If you told me Houston Texas wasn't a snow skiing town, I'd have no problem believing it. Or if you declared that Denver was not a scuba diving town I would probably understand. The average daily temperature in Houston is not conducive to making piles of snow useful for sliding down, and as far as I know Denver is not near either coast. Defining a community as an art town however, makes me wonder, does no one in that town own art? Are pictures not allowed to be hung? Are all paints confiscated at the border?
@ 2010 P Scarborough "Holding September", 12x9" Oil on canvas
This painting has nothing to do with this article, except that I just painted it yesterday and wanted to share it with you.
When I heard "X is not an art town" used again recently, rather than let it roll off into the pile of whines that seem to develop around certain artists, I asked the question,"What, exactly, does that mean?"
It meant that nobody, not one person in City X, purchased artwork from the artist, thereby revealing themselves to be ignorant philistines.
Rather than an entire community falling under suspicion of an artistic vacuum, could there be something else going on? Is there some other reason, besides something in the water, that would lead an entire community to keep their cash in their wallets?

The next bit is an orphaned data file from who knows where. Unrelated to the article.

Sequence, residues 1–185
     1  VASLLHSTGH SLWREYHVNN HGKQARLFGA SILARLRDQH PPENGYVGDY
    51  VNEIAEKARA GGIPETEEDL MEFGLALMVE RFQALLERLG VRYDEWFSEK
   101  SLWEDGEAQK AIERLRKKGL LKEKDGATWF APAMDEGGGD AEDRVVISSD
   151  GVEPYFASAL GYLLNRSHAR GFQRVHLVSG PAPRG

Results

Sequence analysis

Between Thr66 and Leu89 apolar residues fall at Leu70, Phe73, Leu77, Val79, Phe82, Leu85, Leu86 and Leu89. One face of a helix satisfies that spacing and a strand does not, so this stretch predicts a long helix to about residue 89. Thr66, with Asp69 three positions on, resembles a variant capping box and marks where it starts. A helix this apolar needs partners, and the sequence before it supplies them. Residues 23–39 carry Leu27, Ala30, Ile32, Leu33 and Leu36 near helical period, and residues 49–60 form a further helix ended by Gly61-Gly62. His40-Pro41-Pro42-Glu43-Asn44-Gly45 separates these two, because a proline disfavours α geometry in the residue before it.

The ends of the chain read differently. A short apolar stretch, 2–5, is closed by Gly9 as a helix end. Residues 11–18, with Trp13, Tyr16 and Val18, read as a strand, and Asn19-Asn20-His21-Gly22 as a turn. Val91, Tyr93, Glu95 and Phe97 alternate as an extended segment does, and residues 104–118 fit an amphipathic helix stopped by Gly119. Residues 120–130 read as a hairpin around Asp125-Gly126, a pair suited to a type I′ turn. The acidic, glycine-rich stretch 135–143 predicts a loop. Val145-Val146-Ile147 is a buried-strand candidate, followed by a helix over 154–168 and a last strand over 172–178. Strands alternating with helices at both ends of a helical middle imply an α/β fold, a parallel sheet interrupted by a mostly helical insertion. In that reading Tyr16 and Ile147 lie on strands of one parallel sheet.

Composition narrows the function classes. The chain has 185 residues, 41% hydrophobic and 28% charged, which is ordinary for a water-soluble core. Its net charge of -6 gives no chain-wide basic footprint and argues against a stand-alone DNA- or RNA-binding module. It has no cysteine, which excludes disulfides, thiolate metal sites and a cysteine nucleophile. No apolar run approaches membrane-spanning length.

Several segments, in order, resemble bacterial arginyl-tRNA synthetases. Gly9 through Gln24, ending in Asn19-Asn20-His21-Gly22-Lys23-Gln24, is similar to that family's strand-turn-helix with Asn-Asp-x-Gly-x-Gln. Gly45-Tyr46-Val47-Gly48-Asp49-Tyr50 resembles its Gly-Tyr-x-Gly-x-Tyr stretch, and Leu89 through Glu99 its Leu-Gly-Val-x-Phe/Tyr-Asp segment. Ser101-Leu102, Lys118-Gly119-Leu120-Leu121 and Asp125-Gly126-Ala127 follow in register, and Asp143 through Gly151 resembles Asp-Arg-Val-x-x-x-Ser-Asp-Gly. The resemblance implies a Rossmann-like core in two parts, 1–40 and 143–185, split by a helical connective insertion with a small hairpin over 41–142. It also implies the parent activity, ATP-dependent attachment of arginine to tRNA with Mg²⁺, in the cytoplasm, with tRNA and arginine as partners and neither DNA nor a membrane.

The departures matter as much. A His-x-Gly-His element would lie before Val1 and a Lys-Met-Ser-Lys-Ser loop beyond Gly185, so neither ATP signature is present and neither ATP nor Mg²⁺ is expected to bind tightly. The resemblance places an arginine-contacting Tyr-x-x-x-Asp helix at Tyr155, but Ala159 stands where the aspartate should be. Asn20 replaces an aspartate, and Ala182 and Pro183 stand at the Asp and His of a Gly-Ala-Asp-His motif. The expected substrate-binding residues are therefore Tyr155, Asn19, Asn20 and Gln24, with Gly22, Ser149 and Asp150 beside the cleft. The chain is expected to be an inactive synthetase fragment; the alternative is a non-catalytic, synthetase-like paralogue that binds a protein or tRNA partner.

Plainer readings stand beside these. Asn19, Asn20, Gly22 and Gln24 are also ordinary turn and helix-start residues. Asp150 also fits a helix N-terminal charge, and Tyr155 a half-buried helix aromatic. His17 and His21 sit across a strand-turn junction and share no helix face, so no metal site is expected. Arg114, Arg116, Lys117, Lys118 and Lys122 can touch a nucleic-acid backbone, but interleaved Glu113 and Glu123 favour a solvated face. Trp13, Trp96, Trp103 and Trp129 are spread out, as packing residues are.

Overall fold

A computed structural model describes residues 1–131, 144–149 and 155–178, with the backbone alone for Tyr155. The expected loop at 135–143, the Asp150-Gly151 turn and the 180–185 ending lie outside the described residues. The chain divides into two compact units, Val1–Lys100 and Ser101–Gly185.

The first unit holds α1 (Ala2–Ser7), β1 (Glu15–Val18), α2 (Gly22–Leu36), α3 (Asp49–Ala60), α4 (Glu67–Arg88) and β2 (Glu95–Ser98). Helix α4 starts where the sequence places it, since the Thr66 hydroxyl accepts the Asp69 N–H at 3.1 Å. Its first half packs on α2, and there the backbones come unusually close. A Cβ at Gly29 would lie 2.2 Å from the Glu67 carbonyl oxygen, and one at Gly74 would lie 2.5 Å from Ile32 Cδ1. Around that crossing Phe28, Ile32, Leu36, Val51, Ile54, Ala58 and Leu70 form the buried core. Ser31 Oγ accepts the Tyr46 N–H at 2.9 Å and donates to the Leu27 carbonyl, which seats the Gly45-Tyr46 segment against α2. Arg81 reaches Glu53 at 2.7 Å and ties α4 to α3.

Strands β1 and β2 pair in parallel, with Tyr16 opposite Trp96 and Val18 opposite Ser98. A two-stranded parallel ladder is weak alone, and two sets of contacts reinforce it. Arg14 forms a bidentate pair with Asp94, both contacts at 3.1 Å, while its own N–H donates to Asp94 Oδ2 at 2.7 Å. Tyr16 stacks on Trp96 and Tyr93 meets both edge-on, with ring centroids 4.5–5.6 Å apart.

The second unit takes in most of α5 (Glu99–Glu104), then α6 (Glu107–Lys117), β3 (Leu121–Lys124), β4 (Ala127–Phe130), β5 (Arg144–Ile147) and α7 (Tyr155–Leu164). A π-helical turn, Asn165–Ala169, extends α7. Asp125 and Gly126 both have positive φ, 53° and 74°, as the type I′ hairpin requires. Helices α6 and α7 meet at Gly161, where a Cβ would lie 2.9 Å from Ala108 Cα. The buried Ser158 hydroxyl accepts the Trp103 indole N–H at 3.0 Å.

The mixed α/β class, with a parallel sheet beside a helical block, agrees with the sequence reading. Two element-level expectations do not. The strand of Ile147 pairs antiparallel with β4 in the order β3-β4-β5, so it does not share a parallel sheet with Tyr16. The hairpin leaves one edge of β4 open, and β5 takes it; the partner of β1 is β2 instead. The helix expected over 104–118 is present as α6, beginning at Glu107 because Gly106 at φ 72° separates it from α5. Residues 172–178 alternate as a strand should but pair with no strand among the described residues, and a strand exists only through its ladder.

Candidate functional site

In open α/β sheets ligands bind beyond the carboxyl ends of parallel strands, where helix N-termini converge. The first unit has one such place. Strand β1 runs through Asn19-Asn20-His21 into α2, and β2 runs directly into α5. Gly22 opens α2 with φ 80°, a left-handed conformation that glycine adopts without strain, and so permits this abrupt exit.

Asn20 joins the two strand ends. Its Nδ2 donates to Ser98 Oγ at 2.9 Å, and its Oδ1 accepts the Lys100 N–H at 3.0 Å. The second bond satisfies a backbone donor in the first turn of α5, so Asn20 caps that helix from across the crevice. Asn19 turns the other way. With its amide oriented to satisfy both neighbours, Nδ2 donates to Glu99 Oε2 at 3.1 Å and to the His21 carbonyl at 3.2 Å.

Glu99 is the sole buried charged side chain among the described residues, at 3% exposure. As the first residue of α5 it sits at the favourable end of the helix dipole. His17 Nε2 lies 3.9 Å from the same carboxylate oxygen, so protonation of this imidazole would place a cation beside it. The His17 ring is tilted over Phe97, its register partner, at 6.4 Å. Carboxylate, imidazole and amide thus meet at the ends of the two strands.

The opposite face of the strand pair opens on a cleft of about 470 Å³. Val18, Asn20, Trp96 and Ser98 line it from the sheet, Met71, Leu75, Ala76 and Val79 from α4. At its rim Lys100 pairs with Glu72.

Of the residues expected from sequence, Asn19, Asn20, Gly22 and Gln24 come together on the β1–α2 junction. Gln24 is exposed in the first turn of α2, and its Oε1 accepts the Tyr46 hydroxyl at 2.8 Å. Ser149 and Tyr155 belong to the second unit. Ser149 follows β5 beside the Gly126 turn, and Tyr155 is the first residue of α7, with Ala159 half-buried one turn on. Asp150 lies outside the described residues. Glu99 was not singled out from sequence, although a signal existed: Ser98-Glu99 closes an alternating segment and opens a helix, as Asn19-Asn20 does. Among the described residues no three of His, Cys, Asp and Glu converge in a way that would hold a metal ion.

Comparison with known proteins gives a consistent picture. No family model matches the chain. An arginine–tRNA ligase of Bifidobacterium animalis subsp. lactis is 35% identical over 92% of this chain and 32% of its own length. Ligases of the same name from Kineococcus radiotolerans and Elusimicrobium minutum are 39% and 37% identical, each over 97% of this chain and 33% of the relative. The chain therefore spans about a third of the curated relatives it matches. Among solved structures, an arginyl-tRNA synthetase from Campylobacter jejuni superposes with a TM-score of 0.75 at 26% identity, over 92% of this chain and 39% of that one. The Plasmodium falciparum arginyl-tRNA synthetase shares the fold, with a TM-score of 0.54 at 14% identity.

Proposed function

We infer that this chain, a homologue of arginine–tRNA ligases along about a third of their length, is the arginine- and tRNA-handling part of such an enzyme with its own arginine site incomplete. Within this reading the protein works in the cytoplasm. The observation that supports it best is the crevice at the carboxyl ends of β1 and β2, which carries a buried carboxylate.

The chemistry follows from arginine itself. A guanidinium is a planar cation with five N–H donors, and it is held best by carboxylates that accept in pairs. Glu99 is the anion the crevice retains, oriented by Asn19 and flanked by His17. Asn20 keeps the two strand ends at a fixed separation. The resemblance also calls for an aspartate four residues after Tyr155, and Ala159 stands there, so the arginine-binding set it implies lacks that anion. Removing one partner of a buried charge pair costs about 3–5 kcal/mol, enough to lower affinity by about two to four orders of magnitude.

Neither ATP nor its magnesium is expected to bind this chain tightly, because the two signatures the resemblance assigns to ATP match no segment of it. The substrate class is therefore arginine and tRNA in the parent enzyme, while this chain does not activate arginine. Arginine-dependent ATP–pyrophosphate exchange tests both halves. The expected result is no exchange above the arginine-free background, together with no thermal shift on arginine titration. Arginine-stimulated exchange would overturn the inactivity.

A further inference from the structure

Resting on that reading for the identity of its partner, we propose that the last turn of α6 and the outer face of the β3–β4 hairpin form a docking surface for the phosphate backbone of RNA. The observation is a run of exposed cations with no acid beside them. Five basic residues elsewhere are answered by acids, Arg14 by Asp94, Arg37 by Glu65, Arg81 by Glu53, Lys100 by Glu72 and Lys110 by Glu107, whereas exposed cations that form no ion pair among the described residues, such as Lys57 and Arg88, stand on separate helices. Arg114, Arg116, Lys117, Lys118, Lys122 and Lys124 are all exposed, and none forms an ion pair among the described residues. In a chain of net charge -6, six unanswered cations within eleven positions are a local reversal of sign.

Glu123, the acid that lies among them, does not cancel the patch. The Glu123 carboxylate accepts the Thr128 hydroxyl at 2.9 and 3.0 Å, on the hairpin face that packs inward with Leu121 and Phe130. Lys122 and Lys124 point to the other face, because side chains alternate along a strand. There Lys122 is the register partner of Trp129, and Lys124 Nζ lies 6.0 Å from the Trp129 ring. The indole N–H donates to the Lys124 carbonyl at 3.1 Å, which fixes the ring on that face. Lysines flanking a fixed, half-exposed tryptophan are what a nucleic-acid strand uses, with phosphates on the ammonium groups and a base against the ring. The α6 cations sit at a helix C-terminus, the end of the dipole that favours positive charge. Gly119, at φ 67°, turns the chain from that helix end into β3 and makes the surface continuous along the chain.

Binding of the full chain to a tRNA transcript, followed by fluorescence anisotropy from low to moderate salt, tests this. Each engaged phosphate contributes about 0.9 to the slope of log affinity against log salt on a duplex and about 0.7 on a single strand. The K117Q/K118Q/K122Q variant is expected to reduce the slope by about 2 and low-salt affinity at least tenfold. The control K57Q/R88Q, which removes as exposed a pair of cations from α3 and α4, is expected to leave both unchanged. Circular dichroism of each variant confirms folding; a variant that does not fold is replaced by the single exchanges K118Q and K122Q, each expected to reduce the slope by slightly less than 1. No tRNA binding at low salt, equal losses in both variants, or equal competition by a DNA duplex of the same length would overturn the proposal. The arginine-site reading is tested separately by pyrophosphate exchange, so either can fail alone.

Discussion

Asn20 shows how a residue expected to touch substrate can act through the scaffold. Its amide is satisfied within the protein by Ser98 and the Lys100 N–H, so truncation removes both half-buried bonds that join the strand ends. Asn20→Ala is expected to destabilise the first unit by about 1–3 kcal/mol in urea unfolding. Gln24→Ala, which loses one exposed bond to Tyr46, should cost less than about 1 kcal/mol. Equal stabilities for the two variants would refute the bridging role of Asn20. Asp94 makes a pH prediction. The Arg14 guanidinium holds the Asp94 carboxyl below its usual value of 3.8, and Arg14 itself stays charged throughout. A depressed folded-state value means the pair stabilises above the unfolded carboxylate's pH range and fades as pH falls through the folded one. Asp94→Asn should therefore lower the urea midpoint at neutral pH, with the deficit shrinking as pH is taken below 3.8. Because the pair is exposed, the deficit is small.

Could it have something to do, dear artist, with you?
Could it be that your prices are high, your work poorly done, your attitude unpleasant? Does your sales pitch sound like something from a late-night TV commercial? Do you even have a sales pitch?
Do you make it easy to purchase your work, or do you accept only cash in well-ironed 100-dollar bills?
If your work is displayed in a gallery, do you change it out often, or does the gallery staff have to dust off cobwebs?
Now that I've nailed you down, let me help you out a bit.
Okay, so you aren't exactly burning up the cash registers. First bit of advice: don't blame your customers.
@2010 P Scarborough Mill Road 14x10 pastel
Likewise with this one.
Second bit of advice: find out why you're not selling. Ask your gallery owner, or a trusted friend for a meeting. In her excellent book, "I'd Rather Be In The Studio", Alyson Stanfield calls it the "Conversations Exercise". It's a way of finding out what others think of your subject matter, framing, statement, etc. Be prepared to hear an honest appraisal, or there's no reason to bother. Remember, you're doing this to learn.
Speaking of Stanfield's "IRBITS", get yourself educated. Read a book or two, and a few blogs as well. There are several excellent marketing and creativity blogs written for folks just like you. Find out what else is going on in the art world, who's doing it and how.
It might help if you saw yourself as an educator, rather than a salesman. I'm not saying treat your customers like they're stoopid, but gosh, maybe they've never seen artwork like yours. It could be they've never considered purchasing original art before, and don't know why they should when Walmart's got such purty things for cheaper. Let them educate you, too. A ceramicist I know keeps tabs on each art fair she attends. City A loves plates, City B is into mugs. She packs accordingly.
The most important advice I can share with you is this: Treat people as if you want them as friends, not just customers. You may not sell them any art, but you'll leave as pals, and there's nothing wrong with that.